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Helping birds survive the winter

Bruant des neiges © concours photo (Normand Boucher)
  • Bruant des neiges © concours photo (Normand Boucher)
  • Pic mineur
Helping birds survive the winter

Written on November 8, 2013 

You have worked all summer to create your bird garden, and you have surely had the chance to see various birds flying around your home. But as the cold weather approaches, how can you help your feathered friends make it through the winter?

A helping hand

While the plants in your garden may offer shelter and a source of food for birds, they will probably not be sufficient to feed them throughout the winter. If you live in the countryside, you can put suet cages and feeders full of high-calorie seed mixes in your garden to help them gain the strength and weight they need to brave extreme temperatures. You will find ready-made seed mixes and vegetable-based fat cakes in most pet stores. Or better yet, you can make them yourself using the many recipes available on specialized websites. However, this approach is not recommended in cities such as Greater Montreal, because you risk attracting animals that will scare the birds off or non-native species. Avoid seed mixes as they attract exotic species such as sparrows, starlings and pigeons. Instead, choose unsalted black sunflower seeds.

A tip that works wherever you live

Take a log with a minimum diameter of 10 cm and drill a few holes—approximately 3–4 cm in diameter—on one side. Next, drill a small hole at either end of the log to screw in metal rings, then connect them by attaching a string or metal chain. Fill the holes with suet, then hang the log horizontally, with the holes facing downwards.

Why facing downwards?

Simply because starlings will have difficulty hanging onto the log to get the suet out. Meanwhile, it will be child’s play to native species such as woodpeckers, chickadees, nuthatches and treecreepers. Check your feeders often to make sure your feathered visitors always have something to eat and clean them regularly to prevent bacteria from taking hold.

A source of liquid water

One thing birds need most in wintertime is water. Like all animals, they need to drink water, which can be in short supply during periods of extreme cold. They may have to resort to eating snow to hydrate themselves, but melting it wastes a lot of their energy.
Making sure that liquid water is accessible in winter is therefore essential. But how?
There are several solutions, of varying cost, available:

  • Buy a heated birdbath ($$$): Many heated birdbath systems can be found on specialized websites such as lenaturaliste.ca. These will keep the water temperature above the freezing point.
  • Invest in an electric de-icer or build a heating system yourself ($$): Place a 60-watt lightbulb, plugged into a grounded outdoor receptacle, in a flowerpot wrapped in insulation, then place the saucer that came with the flowerpot on top and fill it with water. The heat emitted by the lightbulb will prevent the water from freezing.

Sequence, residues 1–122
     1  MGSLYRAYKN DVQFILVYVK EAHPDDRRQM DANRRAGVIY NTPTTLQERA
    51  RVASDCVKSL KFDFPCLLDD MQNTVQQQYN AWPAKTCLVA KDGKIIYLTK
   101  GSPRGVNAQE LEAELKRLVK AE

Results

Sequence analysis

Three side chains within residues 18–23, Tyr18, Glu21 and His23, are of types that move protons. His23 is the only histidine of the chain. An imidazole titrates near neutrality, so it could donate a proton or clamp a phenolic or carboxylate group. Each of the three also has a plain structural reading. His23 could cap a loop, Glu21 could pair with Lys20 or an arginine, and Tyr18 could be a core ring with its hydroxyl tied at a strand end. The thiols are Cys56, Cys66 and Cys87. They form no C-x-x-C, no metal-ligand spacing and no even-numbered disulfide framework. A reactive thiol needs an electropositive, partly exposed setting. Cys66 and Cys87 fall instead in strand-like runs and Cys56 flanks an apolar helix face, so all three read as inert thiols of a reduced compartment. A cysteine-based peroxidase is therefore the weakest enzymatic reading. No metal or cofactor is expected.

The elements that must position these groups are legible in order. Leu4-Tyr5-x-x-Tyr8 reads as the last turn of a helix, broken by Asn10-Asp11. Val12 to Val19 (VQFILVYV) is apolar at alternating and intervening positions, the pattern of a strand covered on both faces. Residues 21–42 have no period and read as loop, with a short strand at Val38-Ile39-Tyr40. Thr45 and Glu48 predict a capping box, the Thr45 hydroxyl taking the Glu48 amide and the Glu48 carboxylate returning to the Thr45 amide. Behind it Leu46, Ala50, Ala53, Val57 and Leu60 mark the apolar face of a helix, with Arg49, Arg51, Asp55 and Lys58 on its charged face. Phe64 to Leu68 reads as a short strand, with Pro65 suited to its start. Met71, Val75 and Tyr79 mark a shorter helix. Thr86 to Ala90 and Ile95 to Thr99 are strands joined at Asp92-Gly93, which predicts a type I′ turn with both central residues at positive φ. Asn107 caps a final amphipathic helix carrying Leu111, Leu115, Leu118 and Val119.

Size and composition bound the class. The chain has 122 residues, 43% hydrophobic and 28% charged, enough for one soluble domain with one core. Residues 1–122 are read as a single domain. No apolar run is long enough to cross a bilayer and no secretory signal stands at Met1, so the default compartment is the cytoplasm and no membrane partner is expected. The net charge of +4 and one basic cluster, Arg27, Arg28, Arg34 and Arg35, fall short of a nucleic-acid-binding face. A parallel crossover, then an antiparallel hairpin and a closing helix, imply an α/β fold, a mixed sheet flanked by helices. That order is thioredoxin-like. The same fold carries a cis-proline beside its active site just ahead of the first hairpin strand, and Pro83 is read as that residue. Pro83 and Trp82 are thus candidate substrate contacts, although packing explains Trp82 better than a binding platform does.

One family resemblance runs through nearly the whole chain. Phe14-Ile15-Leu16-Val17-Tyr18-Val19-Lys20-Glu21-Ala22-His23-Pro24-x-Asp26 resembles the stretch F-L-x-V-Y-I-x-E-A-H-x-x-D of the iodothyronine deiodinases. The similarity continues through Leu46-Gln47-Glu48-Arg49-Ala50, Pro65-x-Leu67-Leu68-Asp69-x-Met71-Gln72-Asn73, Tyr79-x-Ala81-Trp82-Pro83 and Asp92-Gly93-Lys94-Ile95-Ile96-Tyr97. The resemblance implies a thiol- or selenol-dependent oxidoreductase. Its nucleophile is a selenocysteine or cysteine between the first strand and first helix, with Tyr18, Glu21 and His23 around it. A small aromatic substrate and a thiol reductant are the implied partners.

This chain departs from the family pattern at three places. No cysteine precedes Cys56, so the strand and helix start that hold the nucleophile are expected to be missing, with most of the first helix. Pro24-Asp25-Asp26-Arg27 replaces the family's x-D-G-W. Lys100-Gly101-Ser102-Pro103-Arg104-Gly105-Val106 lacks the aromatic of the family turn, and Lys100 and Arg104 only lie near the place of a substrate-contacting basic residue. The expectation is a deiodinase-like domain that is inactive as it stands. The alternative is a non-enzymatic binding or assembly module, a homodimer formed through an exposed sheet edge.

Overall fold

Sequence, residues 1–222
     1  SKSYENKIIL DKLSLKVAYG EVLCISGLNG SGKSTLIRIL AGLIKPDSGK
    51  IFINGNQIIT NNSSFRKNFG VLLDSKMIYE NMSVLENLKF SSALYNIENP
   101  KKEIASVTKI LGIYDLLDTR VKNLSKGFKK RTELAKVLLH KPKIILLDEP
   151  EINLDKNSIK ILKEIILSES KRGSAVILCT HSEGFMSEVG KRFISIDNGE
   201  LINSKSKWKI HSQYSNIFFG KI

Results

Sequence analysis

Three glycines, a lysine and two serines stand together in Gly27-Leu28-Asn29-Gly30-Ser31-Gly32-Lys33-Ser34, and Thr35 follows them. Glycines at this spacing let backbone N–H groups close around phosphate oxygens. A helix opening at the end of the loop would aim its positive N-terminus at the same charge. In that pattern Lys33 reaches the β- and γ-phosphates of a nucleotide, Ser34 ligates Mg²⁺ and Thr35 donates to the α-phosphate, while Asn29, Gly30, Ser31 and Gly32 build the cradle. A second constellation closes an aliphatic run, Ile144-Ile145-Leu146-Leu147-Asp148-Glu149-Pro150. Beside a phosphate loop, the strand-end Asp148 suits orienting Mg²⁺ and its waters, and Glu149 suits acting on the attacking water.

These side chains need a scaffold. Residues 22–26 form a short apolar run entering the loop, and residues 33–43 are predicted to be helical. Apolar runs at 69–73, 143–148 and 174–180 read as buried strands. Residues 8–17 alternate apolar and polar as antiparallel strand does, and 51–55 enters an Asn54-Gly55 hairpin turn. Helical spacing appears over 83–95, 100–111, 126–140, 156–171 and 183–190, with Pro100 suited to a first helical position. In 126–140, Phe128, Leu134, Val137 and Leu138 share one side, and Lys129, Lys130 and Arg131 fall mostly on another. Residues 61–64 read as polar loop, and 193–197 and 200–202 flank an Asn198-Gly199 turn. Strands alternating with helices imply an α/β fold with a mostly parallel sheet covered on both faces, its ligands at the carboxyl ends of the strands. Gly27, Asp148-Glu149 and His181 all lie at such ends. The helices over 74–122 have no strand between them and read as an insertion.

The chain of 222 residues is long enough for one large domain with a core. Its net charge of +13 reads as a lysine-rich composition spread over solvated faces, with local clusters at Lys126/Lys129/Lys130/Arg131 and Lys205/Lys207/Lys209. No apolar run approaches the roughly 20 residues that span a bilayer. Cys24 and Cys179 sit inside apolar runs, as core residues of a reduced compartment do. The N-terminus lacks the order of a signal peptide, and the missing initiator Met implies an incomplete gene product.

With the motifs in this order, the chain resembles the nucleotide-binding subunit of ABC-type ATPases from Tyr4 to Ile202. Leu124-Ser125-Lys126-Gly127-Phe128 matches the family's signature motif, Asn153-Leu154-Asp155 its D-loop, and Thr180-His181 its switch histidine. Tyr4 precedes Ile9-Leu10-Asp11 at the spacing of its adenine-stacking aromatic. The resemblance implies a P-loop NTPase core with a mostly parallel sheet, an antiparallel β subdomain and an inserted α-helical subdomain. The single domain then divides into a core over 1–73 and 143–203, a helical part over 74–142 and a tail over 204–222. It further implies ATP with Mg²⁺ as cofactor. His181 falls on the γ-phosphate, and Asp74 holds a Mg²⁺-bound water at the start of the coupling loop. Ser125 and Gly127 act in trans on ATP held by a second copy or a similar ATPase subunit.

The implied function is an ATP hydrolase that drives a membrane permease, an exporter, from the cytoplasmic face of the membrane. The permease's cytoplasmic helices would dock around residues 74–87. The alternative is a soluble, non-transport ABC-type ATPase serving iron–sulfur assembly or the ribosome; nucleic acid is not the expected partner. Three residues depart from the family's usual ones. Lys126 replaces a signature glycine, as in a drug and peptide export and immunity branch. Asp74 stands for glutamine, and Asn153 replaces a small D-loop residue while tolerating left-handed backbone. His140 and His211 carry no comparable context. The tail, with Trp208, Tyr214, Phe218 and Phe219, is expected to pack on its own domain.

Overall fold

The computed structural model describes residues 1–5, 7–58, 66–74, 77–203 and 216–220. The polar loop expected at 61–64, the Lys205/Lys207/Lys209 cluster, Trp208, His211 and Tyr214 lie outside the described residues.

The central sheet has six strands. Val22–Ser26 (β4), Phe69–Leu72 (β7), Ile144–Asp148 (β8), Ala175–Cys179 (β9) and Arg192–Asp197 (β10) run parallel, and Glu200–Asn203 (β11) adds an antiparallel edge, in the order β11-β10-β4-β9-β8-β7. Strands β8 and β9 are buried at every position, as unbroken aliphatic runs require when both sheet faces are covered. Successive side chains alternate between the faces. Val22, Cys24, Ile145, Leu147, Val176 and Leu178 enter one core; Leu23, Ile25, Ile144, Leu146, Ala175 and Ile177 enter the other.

• Change the water in your birdbath regularly ($): Pour hot water (not boiling!) into the birdbath and bring it indoors overnight to prevent it from freezing.

With any of these methods, you will help birds get through the winter more easily and be in better shape in the spring!
This article was written in cooperation with Stéphan Deschênes, scientific interpreter at the Biodôme.

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5 Comment(s)
Sylvia's picture
Sylvia

Great information , thank you very much. I will get this all ready for the winter. :)

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Space for life

Thank you for your interest!

Regards,

The blog team

Mark's picture
Mark

I’m not an expert on the habits of local birds, but I thought that humans should avoid feeding animals because those animals may either become dependent on humans for food (or not being able to hone natural skills and instincts) or may be given the wrong kind of food and become sick or die (for example, a neighbour sees a bird feeder and decides to do the same without doing the appropriate research).

I have specifically seen signs like this asking the public to avoid feeding ducks. And we wouldn’t put food outside for raccoons and squirrels, right? So why are birds an exception to the rule? Do they really need our “help”?

I hope I’m wrong here, but would like to hear from an expert on this if possible. Thank you either way for the great articles and work you all do!

Hugofirst1994's picture
Hugofirst1994

:l I have specifically seen signs like this asking the public to avoid feeding ducks. And we wouldn’t put food outside for raccoons and squirrels, right? So why are birds an exception to the rule? Do they really need our “help”?

dianatremaine's picture
dianatremaine

I don’t even know how to hill climb race and I did not even know that it existed before this but the game looks pretty compelling that I want to check it out and play it for myself. I want to know if it is any good and if the sport is fun to follow. From what I can see, it looks pretty exciting and I can’t wait to try it out in the I prefer the sims freeplay. I will definitely add this game to my video game library along after I play Hay Day online.

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